Schooling ‘Truant’ Tribes: British Colonial Compulsions and Educational Evolution in Chhotanagpur, 1870–1930

  • Joseph Bara


This chapter tries to examine sluggish and uneven growth of British colonial education in the tribal hinterland of Chhotanagpur in the then Bengal province despite the fact that the system was introduced as early as 1839 in the region and received attention from different quarters. First, the system received considerable impetus in the late nineteenth and early twentieth centuries from the colonial agenda of ‘civilizing’ the ‘barbarians’. For this task, the government usually relied upon the services of missionaries. The efforts of the missionaries, their humanitarian attitude towards the tribals notwithstanding, were ineluctably marred by the constraints of their mission field and prejudiced missionary paradigm. Owing to this, the missionaries were unable to devise a pro-tribal educational policy, thus leading to the tribals receiving the faulty system on their own terms. While the tribals valorized certain aspects of the system; they were, unlike elsewhere, unable to further develop the system through indigenous initiative. The chapter takes a stock of all these issues.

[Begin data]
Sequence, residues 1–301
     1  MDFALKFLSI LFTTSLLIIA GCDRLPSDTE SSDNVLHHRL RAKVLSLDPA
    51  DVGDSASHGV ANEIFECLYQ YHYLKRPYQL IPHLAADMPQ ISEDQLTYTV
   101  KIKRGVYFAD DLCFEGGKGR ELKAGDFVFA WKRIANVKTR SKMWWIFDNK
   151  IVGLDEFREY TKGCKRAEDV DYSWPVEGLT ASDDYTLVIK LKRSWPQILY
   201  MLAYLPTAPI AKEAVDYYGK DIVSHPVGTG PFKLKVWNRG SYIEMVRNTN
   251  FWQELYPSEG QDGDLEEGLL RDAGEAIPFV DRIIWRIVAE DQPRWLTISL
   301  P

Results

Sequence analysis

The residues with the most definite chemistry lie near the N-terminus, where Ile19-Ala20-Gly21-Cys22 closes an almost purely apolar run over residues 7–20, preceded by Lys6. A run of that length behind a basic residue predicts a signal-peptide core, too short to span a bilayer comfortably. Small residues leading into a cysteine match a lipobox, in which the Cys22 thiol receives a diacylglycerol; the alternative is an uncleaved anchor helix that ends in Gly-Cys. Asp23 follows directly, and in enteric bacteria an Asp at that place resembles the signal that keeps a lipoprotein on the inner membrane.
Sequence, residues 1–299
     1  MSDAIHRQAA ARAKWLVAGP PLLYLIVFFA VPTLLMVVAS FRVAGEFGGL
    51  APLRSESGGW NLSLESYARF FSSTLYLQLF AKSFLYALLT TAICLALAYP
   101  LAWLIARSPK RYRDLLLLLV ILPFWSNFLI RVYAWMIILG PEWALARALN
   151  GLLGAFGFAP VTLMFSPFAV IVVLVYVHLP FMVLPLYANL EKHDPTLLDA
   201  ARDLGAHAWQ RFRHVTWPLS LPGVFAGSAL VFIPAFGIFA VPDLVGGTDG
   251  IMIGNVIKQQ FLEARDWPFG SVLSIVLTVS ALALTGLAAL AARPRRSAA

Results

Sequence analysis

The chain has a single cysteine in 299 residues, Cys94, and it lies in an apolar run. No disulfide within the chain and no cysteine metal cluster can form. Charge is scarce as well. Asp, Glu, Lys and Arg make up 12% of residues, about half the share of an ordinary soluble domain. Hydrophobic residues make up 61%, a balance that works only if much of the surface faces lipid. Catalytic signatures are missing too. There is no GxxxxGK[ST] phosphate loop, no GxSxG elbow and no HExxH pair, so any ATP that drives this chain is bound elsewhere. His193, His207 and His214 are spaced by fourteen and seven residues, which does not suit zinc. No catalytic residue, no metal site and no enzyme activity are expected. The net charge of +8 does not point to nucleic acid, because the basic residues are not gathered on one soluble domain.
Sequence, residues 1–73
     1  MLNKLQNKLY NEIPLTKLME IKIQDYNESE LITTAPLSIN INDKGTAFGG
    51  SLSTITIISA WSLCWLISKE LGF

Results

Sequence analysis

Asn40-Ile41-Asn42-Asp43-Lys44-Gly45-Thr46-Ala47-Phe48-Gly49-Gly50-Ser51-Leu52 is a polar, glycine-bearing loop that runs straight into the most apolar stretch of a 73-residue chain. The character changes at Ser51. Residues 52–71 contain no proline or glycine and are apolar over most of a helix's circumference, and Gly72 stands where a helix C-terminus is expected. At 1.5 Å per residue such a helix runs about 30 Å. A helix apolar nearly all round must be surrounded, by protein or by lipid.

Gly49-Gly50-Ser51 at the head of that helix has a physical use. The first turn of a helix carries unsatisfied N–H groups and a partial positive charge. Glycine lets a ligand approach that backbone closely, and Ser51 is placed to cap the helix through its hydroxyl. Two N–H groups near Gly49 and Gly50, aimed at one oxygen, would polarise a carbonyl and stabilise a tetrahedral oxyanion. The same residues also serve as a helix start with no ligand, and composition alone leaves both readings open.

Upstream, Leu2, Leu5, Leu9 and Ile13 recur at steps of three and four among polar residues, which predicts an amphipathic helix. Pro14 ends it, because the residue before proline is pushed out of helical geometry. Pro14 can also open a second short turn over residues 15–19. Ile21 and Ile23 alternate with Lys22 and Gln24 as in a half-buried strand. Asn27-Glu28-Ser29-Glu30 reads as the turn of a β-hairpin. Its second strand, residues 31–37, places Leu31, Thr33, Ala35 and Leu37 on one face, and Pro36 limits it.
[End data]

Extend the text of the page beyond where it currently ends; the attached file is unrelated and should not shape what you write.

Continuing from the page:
Colonial education policy Filtration policy Missionaries Civilizing education/tribals Humanitarian Prejudices Vernacular school Campbell scheme Tribal mind Movement 


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Copyright information

© Springer Nature Singapore Pte Ltd. 2020

Authors and Affiliations

  • Joseph Bara
    • 1
  1. 1.Independent ScholarRanchiIndia

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